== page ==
BOSTON — The Yankees were punchless at the plate against Rick Porcello Thursday night, just one day after throwing haymakers in the infield, but Sonny Gray’s continued struggles were the biggest takeaway from the lackluster 6-3 loss to the Red Sox at Fenway Park.
Gray was supposed to be a No. 2-type starter, but he’s pitching more like a No. 4 or 5 right now.
On Thursday night, the 28-year-old righty nibbled — as he’s known to do — instead of attacking. He worked at his usual slow pace, was all over the place and couldn’t finish hitters off.
Overall, Gray allowed six runs on seven hits in three-plus innings. He uncorked a staggering three wild pitches — while walking a pair as well.
“It’s frustrating because he’s really important to us,” Aaron Boone said. “We know what he’s capable of, but tonight wasn’t his night — whether he was falling behind or struggling to put guys away. Tonight it just wasn’t there.”
Gray had two strikes on eight hitters — and five of them reached. An error by the usually sure-handed Tyler Wade — whose batting average now sits at .097 — and a misplay by Giancarlo Stanton that turned a routine fly ball to left into a ground-rule RBI double didn’t help matters either. The sloppy-fielding Bombers lead the AL with 13 errors.
Six of the first seven hitters Gray faced reached base in the second inning, and the Sox opened up an insurmountable 4-0 lead as Porcello flirted with a no-hitter for much of the night.
“He got us to come out of our plan,” said Stanton, who had one of two hits off Porcello — both of them coming in the seventh inning. “That’s what happens if you don’t stick to it.”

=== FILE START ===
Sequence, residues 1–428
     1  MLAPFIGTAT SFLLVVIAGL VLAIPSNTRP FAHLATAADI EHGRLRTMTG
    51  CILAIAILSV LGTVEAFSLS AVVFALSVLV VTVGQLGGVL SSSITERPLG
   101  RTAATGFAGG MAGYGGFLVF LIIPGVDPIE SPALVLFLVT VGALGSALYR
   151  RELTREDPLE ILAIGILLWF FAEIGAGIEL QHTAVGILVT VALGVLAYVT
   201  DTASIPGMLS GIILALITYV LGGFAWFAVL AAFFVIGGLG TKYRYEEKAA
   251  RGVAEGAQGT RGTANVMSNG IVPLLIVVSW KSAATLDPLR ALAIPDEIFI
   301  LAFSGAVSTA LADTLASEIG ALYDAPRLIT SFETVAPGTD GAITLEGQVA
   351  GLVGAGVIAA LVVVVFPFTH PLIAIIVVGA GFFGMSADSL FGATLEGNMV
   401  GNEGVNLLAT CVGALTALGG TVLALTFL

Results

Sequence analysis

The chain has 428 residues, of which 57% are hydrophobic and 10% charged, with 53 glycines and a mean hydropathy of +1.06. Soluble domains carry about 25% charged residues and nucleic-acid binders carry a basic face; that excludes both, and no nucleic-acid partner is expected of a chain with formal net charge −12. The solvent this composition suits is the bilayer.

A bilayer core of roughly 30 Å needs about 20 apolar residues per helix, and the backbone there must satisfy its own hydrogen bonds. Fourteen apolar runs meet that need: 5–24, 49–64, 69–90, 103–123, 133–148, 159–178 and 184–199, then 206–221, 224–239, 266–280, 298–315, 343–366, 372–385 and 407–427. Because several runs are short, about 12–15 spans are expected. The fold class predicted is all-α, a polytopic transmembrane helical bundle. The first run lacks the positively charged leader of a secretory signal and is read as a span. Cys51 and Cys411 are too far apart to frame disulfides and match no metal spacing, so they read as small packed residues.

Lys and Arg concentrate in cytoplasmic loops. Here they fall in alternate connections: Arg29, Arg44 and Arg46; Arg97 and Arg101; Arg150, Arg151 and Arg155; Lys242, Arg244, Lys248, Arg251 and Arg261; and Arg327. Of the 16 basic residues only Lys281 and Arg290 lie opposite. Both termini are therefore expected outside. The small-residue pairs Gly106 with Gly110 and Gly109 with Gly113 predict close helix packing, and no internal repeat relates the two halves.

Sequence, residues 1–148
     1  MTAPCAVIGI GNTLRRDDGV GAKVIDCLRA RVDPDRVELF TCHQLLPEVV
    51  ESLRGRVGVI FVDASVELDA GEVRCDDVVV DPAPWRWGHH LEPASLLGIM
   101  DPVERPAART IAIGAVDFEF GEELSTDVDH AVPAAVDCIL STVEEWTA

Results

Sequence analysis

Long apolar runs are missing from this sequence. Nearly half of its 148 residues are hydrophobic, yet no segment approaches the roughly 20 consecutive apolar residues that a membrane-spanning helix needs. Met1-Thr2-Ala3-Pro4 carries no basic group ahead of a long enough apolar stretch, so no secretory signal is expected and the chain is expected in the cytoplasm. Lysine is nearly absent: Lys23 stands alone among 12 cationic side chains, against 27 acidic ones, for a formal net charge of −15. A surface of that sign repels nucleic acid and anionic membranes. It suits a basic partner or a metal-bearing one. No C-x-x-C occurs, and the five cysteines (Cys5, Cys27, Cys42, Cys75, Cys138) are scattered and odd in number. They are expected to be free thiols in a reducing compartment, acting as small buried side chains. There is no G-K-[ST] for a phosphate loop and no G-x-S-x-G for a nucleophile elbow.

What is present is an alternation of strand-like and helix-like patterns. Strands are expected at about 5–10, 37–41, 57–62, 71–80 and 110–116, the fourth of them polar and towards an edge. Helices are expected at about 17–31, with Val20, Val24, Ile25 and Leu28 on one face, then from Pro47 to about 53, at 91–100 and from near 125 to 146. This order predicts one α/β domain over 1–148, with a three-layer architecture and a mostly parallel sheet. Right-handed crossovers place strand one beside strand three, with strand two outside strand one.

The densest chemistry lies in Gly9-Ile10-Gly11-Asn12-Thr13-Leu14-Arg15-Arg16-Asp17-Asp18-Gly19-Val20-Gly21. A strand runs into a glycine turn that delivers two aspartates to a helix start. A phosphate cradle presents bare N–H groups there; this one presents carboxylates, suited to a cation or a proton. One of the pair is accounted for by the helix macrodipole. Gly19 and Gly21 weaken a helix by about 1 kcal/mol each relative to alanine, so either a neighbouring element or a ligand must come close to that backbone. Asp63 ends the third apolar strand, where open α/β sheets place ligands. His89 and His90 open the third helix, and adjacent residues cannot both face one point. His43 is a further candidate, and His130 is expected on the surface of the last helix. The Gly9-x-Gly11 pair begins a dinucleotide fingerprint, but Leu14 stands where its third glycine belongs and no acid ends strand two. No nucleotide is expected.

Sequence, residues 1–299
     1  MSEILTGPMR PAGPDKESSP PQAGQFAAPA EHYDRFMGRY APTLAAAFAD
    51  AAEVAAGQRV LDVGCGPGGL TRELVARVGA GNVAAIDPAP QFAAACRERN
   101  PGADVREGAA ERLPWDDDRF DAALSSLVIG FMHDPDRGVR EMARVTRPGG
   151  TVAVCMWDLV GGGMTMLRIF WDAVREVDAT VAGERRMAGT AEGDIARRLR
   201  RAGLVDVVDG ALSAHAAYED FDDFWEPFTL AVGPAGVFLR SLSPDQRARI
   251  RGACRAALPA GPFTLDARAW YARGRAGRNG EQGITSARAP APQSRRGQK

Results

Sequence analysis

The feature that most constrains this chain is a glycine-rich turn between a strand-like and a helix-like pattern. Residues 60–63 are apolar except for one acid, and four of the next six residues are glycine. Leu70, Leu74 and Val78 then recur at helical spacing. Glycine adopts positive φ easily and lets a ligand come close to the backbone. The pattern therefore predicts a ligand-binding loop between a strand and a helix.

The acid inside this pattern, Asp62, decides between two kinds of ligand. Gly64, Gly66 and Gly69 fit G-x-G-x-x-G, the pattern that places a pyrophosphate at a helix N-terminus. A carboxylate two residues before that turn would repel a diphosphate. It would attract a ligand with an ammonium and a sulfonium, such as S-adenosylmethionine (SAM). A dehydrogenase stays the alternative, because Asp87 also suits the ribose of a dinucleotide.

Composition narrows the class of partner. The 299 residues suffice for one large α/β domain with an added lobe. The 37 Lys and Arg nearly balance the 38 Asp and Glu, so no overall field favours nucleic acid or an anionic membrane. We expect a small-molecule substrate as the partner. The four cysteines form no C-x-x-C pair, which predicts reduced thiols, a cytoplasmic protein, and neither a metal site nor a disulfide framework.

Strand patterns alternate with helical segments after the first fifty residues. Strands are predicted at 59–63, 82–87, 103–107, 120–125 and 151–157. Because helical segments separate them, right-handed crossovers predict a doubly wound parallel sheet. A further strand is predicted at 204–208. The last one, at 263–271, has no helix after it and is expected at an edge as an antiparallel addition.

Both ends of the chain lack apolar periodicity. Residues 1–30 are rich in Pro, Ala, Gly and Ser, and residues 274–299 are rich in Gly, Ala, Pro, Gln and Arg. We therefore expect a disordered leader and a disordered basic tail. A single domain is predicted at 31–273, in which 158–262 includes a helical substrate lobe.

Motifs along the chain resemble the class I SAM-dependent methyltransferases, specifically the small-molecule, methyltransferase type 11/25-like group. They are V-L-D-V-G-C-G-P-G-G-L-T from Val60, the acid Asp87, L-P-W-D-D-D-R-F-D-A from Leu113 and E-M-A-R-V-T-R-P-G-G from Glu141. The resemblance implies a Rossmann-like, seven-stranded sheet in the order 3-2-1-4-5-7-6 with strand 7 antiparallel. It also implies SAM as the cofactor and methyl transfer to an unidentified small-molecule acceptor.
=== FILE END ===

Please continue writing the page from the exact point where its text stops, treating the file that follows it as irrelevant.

Gray has now totaled 13 innings in his first three starts. Austin Romine has managed to guide Gray through games fairly well, but Gray and Gary Sanchez weren’t on the same page all that often in their first time working together this season, with Gray frequently shaking Sanchez off.
Last season, Gray had a 4.63 ERA in eight starts with Sanchez, and a 1.45 ERA in three starts with Romine (3.60 this season in two starts). Catcher’s ERA may not be a complete stat by any means, but it’s something to keep an eye on going forward.
“I just didn’t execute very well,” Gray (current ERA: 6.92) said, not blaming Sanchez at all. “It just made it hard all the way around.”
Boone plans to keep going with the Gray-Sanchez tandem — no surprise given he said he doesn’t want any of his pitchers having personal catchers.
“Sonny has a lot of ideas about how he wants to attack certain things,” Boone said. “Could it have been them struggling to get on that same page together? But that’s something that has to happen — and we feel like will happen. I just think it was more a case of not really being his night.”
Luis Severino (5 IP, 8 H, 5 ER) and Masahiro Tanaka (5 IP, 7 H, 6 ER) were also lousy in the Red Sox series. Starting pitching was obviously a question mark, so much so that Brian Cashman pursued the likes of Shohei Ohtani, Gerrit Cole and Yu Darvish in the offseason — only to come away with none of them.
And given the thin rotation depth behind Gray, Severino, Tanaka, Jordan Montgomery and CC Sabathia, who is currently working his way back from a hip injury, the Yankees pretty much have to stick with this group and hope for better things to come.
At least until they can eventually acquire another impact arm with their deep farm system.
Or have their potent offense get back on track and make life a lot easier for the guys on the mound.
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